Fr Rodney Kissinger, S.J.

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“They begged him that they might touch only the tassel of his cloak; and as many as touched it were healed.” (Mark 6:53-56) What healed them was not their touch of the garment but their faith - their faith in the person of Jesus. They are teaching us a truth that is very much needed today. They are teaching us that the immediate object of faith is not a truth but a person. We first accept the person, and then we accept his testimony.

The immediate object of Christian faith is the person of Jesus Christ, true God and true man. “For God so loved the world that he gave his only son so that everyone who believes in him might not perish but might have eternal life.” (John 3:16) Jesus is the final and definitive revelation of God. In Jesus, the medium is the message. “I am the way, the truth and the life.” (John 14:16) All the truths of Christianity are abstracted from the person and the life of Jesus. To be a Christian is to incarnate these abstractions into our own person so that once again Christianity is a person and the medium is the message.

The faith of Simon Peter was not in some abstract truth but in the person of Jesus. “Master, to whom shall we go? You have the words of eternal life. We have come to believe that you are the holy one of God.” (John 6:68) The faith of Paul also was firmly rooted in the person of Jesus. “I have been crucified with Christ; yet, I live, no longer I, but Christ lives in me; in so far as I now live in the flesh, I live by faith in the son of God who has loved me and given himself up for me.” (Gal.2:19-20) The faith of the doubting Thomas was also in the person of Jesus, “My Lord and my God.” Our faith also is in the person of Jesus Christ, yesterday, today and the same forever.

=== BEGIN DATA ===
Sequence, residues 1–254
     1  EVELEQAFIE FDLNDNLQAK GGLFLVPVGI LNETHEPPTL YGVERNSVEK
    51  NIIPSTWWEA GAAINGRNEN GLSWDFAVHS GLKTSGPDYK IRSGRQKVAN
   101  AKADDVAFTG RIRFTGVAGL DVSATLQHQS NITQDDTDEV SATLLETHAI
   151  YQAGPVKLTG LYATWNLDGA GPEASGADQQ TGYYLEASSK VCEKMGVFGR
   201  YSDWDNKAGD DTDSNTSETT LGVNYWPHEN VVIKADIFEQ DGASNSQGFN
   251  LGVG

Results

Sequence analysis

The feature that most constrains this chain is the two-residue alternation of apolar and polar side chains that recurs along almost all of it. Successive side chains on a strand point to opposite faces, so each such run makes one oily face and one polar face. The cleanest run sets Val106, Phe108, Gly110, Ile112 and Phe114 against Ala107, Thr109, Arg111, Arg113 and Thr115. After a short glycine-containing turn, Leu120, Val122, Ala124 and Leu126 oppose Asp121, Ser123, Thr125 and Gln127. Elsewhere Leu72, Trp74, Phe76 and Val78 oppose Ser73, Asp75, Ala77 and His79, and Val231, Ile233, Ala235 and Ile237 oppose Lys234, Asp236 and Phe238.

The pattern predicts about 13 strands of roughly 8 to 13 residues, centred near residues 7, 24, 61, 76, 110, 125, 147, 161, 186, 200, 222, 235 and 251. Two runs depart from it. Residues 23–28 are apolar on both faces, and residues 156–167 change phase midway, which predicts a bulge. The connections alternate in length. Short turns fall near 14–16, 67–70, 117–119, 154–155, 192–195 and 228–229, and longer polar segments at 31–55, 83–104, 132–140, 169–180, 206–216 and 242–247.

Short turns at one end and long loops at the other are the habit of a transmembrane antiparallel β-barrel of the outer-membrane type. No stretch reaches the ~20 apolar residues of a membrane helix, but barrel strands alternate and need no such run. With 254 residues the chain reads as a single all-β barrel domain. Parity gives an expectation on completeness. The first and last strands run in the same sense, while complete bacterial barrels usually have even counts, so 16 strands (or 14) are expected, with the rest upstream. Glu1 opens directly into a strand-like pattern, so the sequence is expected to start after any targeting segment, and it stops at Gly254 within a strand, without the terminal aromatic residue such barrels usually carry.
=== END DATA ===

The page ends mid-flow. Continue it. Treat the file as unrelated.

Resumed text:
Jesus commissioned his apostles, “Go, therefore, and make disciples of all nations…” (Matt.28:19) “It was at Antioch that the disciples were first called Christian.” (Acts 11:26) To be a Christian, therefore, is to be a disciple. A disciple is one who has a personal relationship with Jesus, a personal relationship of love. Mary is the first and the greatest disciple because she had the most intimate personal relationship of love with Jesus. The reason for and the purpose of the Catholic Church is to initiate, nourish and bring to fruition this intimate personal relationship of love with Jesus.

We are all familiar with the expression “Ipse Dixit” (Latin: He said it.) We learned in philosophy that “Ipse Dixit” is a no, no. In philosophy, we do not accept something simply because a certain person said it. We have to prove it by the use of reason.

But “Ipse Dixit” is the very heart of theology: “Jesus said it.” For example, we believe that the Eucharist is the Body and Blood of Jesus because Jesus said it. Not because we can make it seem to be understandable with such theological jargon as transubstantion, transfinalzation and transignification.

Theology is defined as “faith seeking understanding.” By that definition, “faith is seeking its destruction;” because in proportion as you understand, you do not need faith. So, if you want to understand, you do not really believe Jesus. You are saying, I believe Jesus - but I would just like to check it out. You are forgetting the famous statement by Thomas Aquinas: “To one who has faith, no explanation is necessary. To one without faith, no explanation is possible".

Faith begins with reason. Reason is the substratum of faith. Reason gives what is called the “signs of credibility.” For example, we have to have a reason why we believe in Jesus and not Mohamed, Confucius, or a Hindu god. But faith goes much further than reason. “Faith is reason in ecstasy”

Gnosticism, salvation through knowledge, is one of the oldest heresies in the Church and it is flourishing today.

What then should be the definition of theology? A good definition of theology would be: “faith seeking fulfillment in love.” Love is the essence of God. Since we are made in the image of God our essence is also love, to love and be loved. And this is reason why Jesus gave us the First and Second Commandments.

And this is also the reason why love is the irrefutable, instantly verifiable sign of Christian identity. “This is how all will know that you are my disciples, if you have love for one another.” (John 13: 35) “I give you a new commandment: love one another. As I have loved you so you also should love one another.” (John 13: 34) This is how the first Christians were identified, “See how they love one another.” (Tertullian, Apology, 39.6) By this criterion of Jesus would I be recognized as a Christian?



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